Miami With just over a minute to play, a chant of joy came out of the postage-stamp section of Arizona fans.
It was then a NCAA official looked to the empty upper deck in AmericanAirlines Arena and said, “Listen. Hear the echo?”
What did the NCAA expect?
Mix the 64th seed of college basketball markets with high ticket prices and teams better suited for south Phoenix than South Florida, and guess what kind of NCAA Tournament weekend you get? The three lowest-attended sessions between Friday’s crowds of 10,163 and 8,990 and Sunday’s 10,204.
No, this isn’t another cliche bash-the-South-Florida fan column. You could go that tired route. You could even hold the contest: Which was the bigger sporting black eye, the World Baseball Classic drawing crickets or these three NCAA Tournament crowds?
Why, in Sunday’s second half, Arizona coach Russ Pennell’s voice carried louder than expected in the quiet arena as he changed the defense. Cleveland State reacting accordingly.
“Hear that?” Norris Cole said. “They’re pressing.”
With Miami and Florida out of commission, there was only one way to help this regional, and the NCAA didn’t do it. It didn’t send Florida State in as cavalry. It couldn’t, according to NCAA Tournament representative Lynn Hickey.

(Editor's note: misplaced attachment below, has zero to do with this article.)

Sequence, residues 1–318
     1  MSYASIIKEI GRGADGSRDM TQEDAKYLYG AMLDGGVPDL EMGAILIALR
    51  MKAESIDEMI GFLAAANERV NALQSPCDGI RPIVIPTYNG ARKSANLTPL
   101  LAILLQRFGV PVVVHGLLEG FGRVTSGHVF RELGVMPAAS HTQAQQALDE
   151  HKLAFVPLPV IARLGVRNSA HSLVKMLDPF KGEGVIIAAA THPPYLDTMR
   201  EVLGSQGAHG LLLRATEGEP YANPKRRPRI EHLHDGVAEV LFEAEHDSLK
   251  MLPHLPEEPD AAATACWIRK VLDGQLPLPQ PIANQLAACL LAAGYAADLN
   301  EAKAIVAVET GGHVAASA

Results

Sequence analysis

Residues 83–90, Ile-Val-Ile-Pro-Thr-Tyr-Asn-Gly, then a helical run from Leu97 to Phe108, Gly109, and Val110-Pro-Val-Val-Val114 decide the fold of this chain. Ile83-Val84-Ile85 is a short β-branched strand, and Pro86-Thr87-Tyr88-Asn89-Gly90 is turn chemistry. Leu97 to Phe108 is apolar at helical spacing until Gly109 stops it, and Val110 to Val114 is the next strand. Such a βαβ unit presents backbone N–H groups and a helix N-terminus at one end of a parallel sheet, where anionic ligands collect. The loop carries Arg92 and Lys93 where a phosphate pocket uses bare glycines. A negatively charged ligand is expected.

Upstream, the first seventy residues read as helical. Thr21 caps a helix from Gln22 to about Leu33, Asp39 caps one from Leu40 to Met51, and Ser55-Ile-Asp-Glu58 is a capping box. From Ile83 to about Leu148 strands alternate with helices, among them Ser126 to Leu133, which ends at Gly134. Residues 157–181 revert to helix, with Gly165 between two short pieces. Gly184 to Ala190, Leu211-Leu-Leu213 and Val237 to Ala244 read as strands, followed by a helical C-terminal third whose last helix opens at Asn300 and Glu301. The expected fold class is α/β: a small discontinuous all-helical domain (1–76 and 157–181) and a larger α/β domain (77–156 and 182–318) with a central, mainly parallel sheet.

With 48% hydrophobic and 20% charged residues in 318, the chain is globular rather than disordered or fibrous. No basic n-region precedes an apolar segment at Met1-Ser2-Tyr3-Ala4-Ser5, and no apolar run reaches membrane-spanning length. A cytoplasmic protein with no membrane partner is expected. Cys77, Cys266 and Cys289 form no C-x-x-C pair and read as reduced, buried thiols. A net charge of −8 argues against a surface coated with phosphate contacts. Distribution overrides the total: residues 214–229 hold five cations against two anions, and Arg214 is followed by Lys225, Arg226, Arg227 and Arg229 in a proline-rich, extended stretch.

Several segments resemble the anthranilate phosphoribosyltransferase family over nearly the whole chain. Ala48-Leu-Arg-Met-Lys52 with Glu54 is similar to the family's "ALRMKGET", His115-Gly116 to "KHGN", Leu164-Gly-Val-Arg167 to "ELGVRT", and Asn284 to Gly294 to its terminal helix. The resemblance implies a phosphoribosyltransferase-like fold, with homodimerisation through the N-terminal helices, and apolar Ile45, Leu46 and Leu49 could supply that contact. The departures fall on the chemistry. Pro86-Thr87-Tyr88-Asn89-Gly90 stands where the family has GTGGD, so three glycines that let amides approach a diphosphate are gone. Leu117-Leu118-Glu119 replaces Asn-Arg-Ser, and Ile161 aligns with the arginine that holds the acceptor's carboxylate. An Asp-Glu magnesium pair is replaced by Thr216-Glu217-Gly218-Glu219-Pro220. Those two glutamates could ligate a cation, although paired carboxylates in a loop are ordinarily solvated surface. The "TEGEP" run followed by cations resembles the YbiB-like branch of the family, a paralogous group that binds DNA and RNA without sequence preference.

Teams are placed at sites in order of seeds. So at least 16 teams already had been put in by the time fifth-seeded Florida State was up. Then, various scheduling policies must be followed. Like: Conference rivals can’t meet before the second weekend. Like: Teams that have played in the previous two seasons can’t meet.
“So by fifth seeds sometimes there’s only one place for a team to go,” Hickey said. “That’s why Florida State went where it did.”
AmericanAirlines Arena, meanwhile, got two Arizona teams, Utah, Cleveland State, Stephen F. Austin, Temple, Wake Forest (yeah, for the ACC fans) and Syracuse as the only team with any national reputation and local following.
Who, besides alums, would shell out $283 for that? Yet that was the combined price of the first-round games you had to buy. At least until they realized no one was buying and began selling individual games. Then the price dipped to a low of $73.
Our college basketball market, like our baseball market, is awful. We compete annually for the 50th and final ranking of TV markets for the NCAA championship game. The money is on us to defend the title this year.
But let’s see. The CA Championship drew 110,000 golf fans last week. The Heat and Panthers are in stretch runs. Tennis comes this week. The aforementioned WBC just came through town. The Marlins’ opener is two weeks away.
It’s the time of year the limited sports dollar is stretched thinner than Tyra Banks.
Three teams returned portions of their allotted 550 tickets. Of Utah’s starting five, only one player’s parents could make the cross-country trip.
In other words, this was a bad marriage for everyone. Yogi Berra once said something that resonates in our sports market: “If the people don’t want to come out to the ballpark, nobody’s gonna stop ’em.”